The shambolic story which is Zoom continues with another U-turn

At what is increasingly looking like a shambolic business, Zoom CEO Eric Yuan has said Zoom will offer end-to-end encryption after widespread criticism.

Jamie Davies

June 18, 2020

3 Min Read
The shambolic story which is Zoom continues with another U-turn
coming together or convergence concept - white chalk drawing on a blackboard

At what is increasingly looking like an embarrassing business, Zoom CEO Eric Yuan has said Zoom will offer end-to-end encryption after widespread criticism.

After previously stating the firm would only offer end-to-end encryption to paying customers, a decision which was highly condemned by privacy advocates, Yuan has written a blog post to state the security feature will be made available to anyone who authenticates their identity. While Zoom was previously holding privacy rights to ransom, now it is flapping in the wind like a plastic bag with a policy strategy worthy of a neanderthal’s deconstructed coffee shop.

“Since releasing the draft design of Zoom’s end-to-end encryption (E2EE) on May 22, we have engaged with civil liberties organizations, our CISO council, child safety advocates, encryption experts, government representatives, our own users, and others to gather their feedback on this feature,” said Yuan.

“We have also explored new technologies to enable us to offer E2EE to all tiers of users.”

One has to question how many lives Zoom has. Questionable links to China were revealed, Zoombombing became a thing, accounts of human rights activists in Hong Kong were shut down at the behest of the Chinese Government, security credentials were questioned by New York State Attorney General Letitia James and the firm lied about implementing end-to-end encryption. Despite all the evidence suggesting no consumer should place any credibility in the service, the business survived.

The latest criticism of Zoom came from numerous corners of the technology industry. Mozilla and the Electronic Frontier Foundation (EFF) penned an open letter damning the move to monetize privacy, while the American Civil Liberties Union suggested it was a way to get rid of the “riff raff” on the service.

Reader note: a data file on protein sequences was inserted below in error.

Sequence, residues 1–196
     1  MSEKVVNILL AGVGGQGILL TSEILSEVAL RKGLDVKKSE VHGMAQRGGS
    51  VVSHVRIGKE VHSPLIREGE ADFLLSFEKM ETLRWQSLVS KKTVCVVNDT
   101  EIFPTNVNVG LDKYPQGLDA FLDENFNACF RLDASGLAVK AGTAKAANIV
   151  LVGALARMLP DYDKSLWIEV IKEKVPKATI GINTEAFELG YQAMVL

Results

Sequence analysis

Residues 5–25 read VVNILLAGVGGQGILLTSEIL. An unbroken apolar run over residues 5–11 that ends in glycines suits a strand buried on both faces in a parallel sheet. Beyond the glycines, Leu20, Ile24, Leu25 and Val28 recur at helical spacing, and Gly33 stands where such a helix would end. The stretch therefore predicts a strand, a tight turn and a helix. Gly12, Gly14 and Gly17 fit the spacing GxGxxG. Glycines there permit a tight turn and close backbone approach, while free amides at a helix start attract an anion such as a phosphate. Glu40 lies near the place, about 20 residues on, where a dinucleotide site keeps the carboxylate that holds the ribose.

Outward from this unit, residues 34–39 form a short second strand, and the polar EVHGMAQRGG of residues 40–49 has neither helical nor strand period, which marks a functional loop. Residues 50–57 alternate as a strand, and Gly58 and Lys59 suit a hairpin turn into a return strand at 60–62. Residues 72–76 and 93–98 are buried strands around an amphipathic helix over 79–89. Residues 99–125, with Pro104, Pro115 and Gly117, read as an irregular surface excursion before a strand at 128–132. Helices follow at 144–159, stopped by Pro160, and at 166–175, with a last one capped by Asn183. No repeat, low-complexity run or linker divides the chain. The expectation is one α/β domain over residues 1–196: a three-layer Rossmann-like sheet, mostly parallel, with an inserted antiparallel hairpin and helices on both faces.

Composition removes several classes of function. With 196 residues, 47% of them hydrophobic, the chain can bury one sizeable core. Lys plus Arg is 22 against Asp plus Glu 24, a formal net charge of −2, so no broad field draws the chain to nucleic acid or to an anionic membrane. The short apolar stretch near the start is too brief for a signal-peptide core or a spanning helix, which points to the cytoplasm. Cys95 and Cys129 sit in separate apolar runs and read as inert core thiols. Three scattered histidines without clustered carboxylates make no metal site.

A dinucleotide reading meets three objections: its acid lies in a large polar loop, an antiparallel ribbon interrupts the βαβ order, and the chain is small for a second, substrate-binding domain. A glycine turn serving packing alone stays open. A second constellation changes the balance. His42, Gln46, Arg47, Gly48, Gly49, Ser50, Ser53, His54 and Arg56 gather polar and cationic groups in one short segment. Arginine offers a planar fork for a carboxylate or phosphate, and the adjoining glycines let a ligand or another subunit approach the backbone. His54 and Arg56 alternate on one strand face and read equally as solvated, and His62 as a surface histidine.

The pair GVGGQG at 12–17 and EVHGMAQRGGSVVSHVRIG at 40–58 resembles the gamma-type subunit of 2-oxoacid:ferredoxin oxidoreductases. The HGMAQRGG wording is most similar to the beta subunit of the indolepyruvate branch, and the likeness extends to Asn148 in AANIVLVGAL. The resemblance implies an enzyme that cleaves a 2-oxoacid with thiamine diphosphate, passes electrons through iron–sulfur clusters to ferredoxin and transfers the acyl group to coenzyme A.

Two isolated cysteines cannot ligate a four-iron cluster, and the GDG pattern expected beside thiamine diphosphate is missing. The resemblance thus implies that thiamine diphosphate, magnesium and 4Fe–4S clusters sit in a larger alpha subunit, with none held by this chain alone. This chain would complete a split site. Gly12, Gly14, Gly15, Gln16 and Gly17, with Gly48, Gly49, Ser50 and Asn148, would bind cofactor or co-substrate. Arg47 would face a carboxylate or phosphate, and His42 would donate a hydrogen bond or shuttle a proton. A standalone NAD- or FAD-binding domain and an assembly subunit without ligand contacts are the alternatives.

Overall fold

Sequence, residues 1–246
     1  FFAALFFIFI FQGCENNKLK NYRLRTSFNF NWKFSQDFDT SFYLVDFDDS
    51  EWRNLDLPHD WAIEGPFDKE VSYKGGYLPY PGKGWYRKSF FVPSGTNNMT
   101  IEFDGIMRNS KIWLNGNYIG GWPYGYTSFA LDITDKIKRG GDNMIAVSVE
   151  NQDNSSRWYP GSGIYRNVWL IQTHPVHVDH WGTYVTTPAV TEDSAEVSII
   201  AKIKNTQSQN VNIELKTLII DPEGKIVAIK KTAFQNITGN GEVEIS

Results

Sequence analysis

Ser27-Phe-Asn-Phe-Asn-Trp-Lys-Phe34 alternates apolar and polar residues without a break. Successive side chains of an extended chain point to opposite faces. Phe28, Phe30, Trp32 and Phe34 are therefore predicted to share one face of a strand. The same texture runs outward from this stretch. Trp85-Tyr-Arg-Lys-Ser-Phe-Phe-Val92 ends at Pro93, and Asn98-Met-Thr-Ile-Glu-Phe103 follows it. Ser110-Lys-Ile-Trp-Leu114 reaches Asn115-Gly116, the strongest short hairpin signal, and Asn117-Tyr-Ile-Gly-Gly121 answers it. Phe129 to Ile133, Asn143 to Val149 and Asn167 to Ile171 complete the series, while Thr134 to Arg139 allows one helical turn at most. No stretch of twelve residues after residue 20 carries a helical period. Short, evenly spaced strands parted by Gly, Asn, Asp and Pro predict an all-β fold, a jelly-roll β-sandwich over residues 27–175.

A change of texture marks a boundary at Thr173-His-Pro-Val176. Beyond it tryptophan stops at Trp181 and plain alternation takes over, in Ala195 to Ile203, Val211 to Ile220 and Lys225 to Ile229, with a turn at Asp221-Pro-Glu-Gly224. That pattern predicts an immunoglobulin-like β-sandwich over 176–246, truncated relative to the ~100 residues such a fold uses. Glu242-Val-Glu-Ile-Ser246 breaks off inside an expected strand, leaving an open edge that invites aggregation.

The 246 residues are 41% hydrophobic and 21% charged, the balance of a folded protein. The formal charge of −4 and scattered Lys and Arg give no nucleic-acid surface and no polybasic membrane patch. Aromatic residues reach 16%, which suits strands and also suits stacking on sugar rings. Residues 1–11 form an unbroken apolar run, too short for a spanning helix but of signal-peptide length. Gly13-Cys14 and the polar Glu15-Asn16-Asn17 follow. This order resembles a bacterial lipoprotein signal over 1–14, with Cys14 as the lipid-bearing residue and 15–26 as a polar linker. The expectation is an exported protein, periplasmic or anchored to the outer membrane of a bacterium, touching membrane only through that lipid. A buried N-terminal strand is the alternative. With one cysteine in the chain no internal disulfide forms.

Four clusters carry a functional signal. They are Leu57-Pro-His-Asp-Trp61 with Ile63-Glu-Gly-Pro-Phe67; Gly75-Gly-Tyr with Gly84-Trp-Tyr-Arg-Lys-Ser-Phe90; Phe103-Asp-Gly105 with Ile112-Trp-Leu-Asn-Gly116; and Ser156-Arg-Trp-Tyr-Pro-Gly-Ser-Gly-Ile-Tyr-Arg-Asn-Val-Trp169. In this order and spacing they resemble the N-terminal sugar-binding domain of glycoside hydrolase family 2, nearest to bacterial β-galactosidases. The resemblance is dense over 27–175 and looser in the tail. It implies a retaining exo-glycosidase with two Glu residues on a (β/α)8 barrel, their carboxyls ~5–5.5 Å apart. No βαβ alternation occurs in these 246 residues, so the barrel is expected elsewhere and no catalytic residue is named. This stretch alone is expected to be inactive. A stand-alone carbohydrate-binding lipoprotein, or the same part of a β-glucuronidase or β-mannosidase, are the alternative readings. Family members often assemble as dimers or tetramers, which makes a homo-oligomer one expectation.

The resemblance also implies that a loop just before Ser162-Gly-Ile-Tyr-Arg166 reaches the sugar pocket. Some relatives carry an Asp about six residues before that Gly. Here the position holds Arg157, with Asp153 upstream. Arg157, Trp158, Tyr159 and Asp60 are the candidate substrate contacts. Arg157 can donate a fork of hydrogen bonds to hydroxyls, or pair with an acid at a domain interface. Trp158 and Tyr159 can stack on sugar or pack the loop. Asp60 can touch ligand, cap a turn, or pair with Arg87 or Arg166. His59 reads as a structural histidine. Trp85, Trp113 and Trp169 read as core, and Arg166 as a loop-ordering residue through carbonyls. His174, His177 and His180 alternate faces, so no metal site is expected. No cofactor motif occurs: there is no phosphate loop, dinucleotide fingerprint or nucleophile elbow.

Privacy should be considered a consumer right. And at a time where virtual communications services are critical in a society with restricted movements, charging for privacy should be considered an example of corporate opportunism. Interestingly enough, no-one else has decided to take this approach, a blatant attempt to capitalise on the poor fortunes of the privacy conscious during the coronavirus pandemic.

Any messaging service worth its salt offers end-to-end encryption as a free feature. WhatsApp, Facebook Messenger and Microsoft Teams are all examples, while Google Meet offers transport encryption, a lesser security feature, which has slipped below the radar. It has become widely accepted end-to-end encryption should be an industry standard, built into products not offered on top as a premium feature, which makes the Zoom move all the cheekier during the COVID-19 pandemic.

Ultimately, we suspect that the only thing able to match Zoom’s rise to fame will be its fall from grace.

As society begins to reopen, the consumer usecase will drop off, some can already see this with weekly ‘pub quizzes’ with friends becoming less common, while corporate usecases are likely to go elsewhere.

In the coming weeks and months, enterprise organisations are likely to go through rationalisation programmes for cloud services. As the shift to remote working was predominantly a knee-jerk reaction for many, contracts would have been signed and deals make in somewhat of a rush. As the landscape calms, IT decision makers will likely re-evaluate the relevance of these services.

One interesting trend which could emerge, and would be a consequence for Zoom, is a preference for IT companies with a broader portfolio. For example, Microsoft can offer numerous collaboration tools, as well as cloud computing services and other enterprise IT solutions. Bundling these services together is a more favourable option both operationally and financially for enterprise customers.

This is where Zoom is at a disadvantage. It offers video conferencing and cloud-based telephony services, but little else, and probably at a premium compared to rivals. Zoom offers a single, commodotised service, and has a brand which is increasingly losing credibility. Decision makers often search for value by bundling services, and perhaps Zoom will be a victim of this trend.

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